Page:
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Rescue in the distant future or real progress?
COP28 - A review


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    The 28th UN Climate Change Conference in Dubai at the end of 2023 set out to evaluate and realign the climate agenda. How should the results be assessed against this backdrop and where are the turning points for the conferences in the coming years? Three experts who were present in Dubai explained the progress made in the areas of climate protection, adaptation measures and the financing of climate projects. 
    With around 85,000 participants, the 28th Conference of the Parties (COP) was the largest to date and faced a lot of criticism in the run-up to the event, partly due to its location in a major oil-producing country, the United Arab Emirates. But perhaps this was precisely what motivated the participating countries to make far-reaching decisions. "Some of the results of COP28 are remarkable," said Norbert Gorißen, Commissioner for Foreign Climate Policy and Deputy Special Representative of the Federal Foreign Office for International Climate Policy. 

    Beginning of the end of the fossil age

    After the first global stocktake since the Paris Agreement at the conference showed how far away the world still is from its climate targets, it was agreed to continue to use the 1.5 degree target as a guide for further national climate plans (Nationally Determined Contributions, NDCs). "This was not a matter of course after the results of previous conferences," said Gorißen. In addition, the participating countries had recognized the necessary emission reductions specified by the scientists of the Intergovernmental Panel on Climate Change (IPCC). In addition to the expansion of renewable energies and measures to increase energy efficiency, the global community of states has agreed for the first time to transition away from the use of fossil fuels. This transition is to take place in a fair, orderly and balanced manner, with the aim of achieving net zero emissions by 2050.

    Petter Lydén, Head of International Climate Policy at the environment, development and human rights organization Germanwatch, welcomed the fact that changes are to be driven forward intensively before the end of this decade. However, he also made it clear, how crucial the wording is: "A distinction must be made between hard commitments and voluntary measures," he said, dampening expectations. He sees the increasing discussions about underground CO2 storage (carbon capture and storage, CCS) and the importance of fossil fuel gas as a "bridge energy" as counterproductive on the path to global net zero emissions.

    Winning slowly is like losing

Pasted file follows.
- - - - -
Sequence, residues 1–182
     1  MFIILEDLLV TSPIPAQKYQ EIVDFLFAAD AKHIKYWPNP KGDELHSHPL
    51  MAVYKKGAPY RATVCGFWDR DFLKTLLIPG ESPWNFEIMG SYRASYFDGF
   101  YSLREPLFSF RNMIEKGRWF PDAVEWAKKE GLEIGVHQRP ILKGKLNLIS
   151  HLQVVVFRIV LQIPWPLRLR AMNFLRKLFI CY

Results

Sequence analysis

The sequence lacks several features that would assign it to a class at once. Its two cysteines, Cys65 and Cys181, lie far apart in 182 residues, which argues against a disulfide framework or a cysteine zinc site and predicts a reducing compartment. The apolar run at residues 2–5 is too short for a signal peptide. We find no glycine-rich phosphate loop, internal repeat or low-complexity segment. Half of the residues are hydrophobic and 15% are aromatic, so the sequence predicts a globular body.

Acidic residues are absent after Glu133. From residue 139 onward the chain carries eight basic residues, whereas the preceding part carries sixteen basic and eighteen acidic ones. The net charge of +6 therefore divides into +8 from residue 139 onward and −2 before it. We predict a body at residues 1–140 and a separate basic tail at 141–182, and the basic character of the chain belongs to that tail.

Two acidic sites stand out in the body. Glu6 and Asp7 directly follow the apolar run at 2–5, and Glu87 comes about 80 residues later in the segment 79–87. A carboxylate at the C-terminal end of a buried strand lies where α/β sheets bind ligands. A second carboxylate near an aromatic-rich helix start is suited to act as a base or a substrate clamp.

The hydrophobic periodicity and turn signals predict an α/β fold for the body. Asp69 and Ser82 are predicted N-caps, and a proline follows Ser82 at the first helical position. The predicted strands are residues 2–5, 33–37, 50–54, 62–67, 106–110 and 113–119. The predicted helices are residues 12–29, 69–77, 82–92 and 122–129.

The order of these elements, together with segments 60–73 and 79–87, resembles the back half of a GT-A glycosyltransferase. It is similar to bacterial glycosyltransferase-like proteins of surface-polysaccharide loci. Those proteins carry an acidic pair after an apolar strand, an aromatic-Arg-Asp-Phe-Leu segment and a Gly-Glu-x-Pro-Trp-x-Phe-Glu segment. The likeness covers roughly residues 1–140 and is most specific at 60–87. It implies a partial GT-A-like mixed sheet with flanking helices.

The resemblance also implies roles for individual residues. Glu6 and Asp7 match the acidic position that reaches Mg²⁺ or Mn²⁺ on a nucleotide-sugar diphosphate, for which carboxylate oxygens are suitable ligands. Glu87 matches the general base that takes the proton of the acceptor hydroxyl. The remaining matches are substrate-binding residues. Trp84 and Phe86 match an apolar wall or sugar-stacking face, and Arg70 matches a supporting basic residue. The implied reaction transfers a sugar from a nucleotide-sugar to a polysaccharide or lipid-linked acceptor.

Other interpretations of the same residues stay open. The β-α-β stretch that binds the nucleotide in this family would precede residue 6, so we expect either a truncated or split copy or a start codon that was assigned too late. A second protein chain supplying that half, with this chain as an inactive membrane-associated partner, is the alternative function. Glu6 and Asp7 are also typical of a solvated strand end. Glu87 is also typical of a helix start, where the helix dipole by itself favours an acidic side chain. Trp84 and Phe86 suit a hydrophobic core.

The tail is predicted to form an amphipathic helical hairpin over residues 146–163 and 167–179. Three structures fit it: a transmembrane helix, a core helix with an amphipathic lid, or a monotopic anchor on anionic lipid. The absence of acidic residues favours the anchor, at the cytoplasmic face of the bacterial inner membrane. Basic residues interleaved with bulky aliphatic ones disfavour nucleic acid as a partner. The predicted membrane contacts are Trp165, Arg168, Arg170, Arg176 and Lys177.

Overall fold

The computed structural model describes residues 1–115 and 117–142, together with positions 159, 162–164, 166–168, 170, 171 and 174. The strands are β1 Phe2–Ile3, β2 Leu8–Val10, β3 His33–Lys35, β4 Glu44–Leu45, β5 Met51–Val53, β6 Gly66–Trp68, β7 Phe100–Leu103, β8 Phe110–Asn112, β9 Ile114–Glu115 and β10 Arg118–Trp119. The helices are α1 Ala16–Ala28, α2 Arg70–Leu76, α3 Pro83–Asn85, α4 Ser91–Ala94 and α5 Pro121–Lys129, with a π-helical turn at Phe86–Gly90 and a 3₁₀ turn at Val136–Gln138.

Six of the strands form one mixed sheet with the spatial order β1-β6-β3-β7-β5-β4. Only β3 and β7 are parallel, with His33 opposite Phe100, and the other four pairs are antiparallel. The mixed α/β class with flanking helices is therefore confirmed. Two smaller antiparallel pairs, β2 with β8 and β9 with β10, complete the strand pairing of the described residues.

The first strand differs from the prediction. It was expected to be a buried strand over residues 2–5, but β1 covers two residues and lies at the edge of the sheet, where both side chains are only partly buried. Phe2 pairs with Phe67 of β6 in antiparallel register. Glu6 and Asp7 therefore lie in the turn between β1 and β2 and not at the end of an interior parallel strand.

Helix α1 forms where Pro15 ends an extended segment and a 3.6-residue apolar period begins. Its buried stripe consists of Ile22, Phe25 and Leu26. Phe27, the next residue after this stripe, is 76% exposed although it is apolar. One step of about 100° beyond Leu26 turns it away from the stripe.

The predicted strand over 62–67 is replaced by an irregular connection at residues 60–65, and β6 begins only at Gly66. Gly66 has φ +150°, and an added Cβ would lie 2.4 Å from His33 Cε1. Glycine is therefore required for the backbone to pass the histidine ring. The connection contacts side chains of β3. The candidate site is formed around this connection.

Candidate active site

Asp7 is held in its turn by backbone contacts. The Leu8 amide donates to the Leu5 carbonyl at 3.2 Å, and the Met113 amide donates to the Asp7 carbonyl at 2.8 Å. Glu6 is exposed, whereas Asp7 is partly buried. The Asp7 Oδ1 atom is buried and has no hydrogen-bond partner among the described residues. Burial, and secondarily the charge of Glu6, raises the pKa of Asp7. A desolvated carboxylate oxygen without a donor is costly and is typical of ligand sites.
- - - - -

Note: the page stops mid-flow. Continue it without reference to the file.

Nathaniel Matthews was also able to take a lot of positives from the climate conference. However, progress is still far too slow, according to the CEO of the Global Resilience Partnership (GRP), an association of organizations promoting resilience. "Winning slowly on climate is the same as losing," he said, quoting environmental activist and author Bill McKibben. The window to limit global warming to 1.5 degrees is closing fast, and even with this temperature increase, significant environmental changes are to be expected worldwide. With the national climate protection plans currently on the table, we are heading towards 2.8 degrees global warming. 

    With regard to adaptation and resilience, he praised the historic decision to endow the Loss and Damage Fund with 700 million dollars, even if the amount is nowhere near what is needed. "I am optimistic about the growing commitment of the private sector and non-governmental organizations (NGOs) in the area of adaptation and the recognition of the climate conference that adaptation and resilience measures must go hand in hand with climate protection efforts."

    Screenshot Panellists, DF 2024 - COP Nachlese
    © Munich Re Foundation
    In the online forum, we discussed the results of COP28 with our experts.

    Opportunities for the private sector

    The financial requirements are enormous, as climate commissioner Gorißen made clear: "We are talking about several trillion US dollars over the next five to ten years. The public sector cannot cope with this alone." Public-private partnerships offer a way out, but there are also enormous opportunities for the private sector alone, according to Matthews: "A study presented at COP28 together with the Boston Consulting Group concluded that companies that invest in measures to promote resilience can achieve a benefit-cost ratio of 2:1 to 15:1." It is also in companies' own interests to protect their value chains and customers in countries at risk.